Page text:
The if construct in Kotlin works almost the same as in Java.

val theQuestion = "Doctor who?"
val answer = "Theta Sigma"
val correctAnswer = ""

if (answer == correctAnswer) {
 println("You are correct")
}

Another example, this time, let’s use the else if and else clause.

val d = Date()
val c = Calendar.getInstance()
val day = c.get(Calendar.DAY_OF_WEEK)

if (day == 1) {
 println("Today is Sunday")
}
else if (day == 2) {
 println("Today is Monday")
}
else if ( day == 3) {
 println("Today is Tuesday")
}
else {
  println("Unknown")
}

So far, it looks a lot like how you would you do it in Java. Doesn’t it? What’s different in Kotlin is, the if construct isn’t a statement, it’s an expression. Which means, you can assign the result of the if expression to a variable. Like this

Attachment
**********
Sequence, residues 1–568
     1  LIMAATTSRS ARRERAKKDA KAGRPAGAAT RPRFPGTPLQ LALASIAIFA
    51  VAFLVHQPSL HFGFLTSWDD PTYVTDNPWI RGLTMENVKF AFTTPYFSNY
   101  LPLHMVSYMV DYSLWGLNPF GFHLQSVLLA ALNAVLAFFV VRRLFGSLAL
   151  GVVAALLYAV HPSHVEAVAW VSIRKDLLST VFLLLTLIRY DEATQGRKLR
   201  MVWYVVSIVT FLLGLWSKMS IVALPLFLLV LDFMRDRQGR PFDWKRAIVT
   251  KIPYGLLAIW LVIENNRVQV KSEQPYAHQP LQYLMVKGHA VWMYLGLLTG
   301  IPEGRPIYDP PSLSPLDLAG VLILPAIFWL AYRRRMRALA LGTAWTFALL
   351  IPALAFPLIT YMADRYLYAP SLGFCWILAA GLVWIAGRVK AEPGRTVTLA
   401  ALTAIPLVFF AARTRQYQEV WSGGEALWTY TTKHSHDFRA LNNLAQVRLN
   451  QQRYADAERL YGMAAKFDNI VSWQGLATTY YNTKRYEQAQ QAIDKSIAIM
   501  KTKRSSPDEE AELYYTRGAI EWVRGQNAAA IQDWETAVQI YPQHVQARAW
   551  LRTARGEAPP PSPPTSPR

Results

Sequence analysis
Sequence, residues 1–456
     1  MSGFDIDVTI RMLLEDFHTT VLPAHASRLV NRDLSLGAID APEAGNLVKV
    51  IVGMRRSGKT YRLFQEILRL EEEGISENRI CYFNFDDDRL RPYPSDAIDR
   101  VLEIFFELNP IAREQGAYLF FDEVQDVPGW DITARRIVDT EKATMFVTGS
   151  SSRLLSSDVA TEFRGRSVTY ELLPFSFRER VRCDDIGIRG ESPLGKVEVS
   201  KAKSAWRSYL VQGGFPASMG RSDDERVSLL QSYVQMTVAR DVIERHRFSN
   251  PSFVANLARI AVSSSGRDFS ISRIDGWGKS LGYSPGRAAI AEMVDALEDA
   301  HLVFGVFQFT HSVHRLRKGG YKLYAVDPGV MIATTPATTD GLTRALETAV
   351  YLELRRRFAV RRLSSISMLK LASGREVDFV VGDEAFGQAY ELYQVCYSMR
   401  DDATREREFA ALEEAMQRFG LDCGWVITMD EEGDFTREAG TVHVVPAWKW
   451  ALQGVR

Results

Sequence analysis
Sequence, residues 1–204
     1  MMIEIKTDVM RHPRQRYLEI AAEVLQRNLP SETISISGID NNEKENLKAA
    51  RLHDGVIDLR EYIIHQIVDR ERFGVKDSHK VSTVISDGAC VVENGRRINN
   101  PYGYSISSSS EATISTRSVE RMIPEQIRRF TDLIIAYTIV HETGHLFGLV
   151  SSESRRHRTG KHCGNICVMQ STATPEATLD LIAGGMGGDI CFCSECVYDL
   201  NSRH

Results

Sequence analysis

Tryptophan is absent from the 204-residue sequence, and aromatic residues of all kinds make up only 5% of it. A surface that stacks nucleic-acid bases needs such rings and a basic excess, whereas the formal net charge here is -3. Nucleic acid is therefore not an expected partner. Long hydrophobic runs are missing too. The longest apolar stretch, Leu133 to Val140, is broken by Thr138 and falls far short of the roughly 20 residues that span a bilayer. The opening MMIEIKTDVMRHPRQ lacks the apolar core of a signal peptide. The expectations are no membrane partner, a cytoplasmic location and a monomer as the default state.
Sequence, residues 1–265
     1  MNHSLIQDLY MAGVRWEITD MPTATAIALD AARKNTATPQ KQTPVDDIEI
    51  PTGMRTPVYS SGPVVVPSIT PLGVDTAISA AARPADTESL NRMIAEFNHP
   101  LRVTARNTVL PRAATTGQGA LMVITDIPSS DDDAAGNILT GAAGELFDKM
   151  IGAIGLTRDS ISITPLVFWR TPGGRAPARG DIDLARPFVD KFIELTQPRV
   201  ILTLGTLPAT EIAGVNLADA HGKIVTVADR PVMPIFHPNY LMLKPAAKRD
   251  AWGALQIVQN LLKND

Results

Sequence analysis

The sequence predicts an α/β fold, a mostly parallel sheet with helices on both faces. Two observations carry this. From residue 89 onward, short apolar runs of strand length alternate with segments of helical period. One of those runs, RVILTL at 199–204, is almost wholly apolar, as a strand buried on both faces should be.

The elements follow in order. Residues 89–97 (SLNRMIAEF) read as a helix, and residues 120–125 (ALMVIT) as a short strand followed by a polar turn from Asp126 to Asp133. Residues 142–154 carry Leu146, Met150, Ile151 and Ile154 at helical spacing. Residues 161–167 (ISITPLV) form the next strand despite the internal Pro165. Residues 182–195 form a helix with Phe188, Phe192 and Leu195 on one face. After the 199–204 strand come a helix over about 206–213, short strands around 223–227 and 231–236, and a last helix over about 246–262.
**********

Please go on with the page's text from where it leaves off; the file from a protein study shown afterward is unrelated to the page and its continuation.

val theQuestion = "Doctor who"
val answer = "Theta Sigma"
val correctAnswer = ""

var message = if (answer == correctAnswer) {
 "You are correct"
}
else{
 "Try again"
}

If you have only one statement (each) on the if and else block, you can even shorten the code, like this

var message = if (answer == correctAnswer) "You are correct" else "Try again"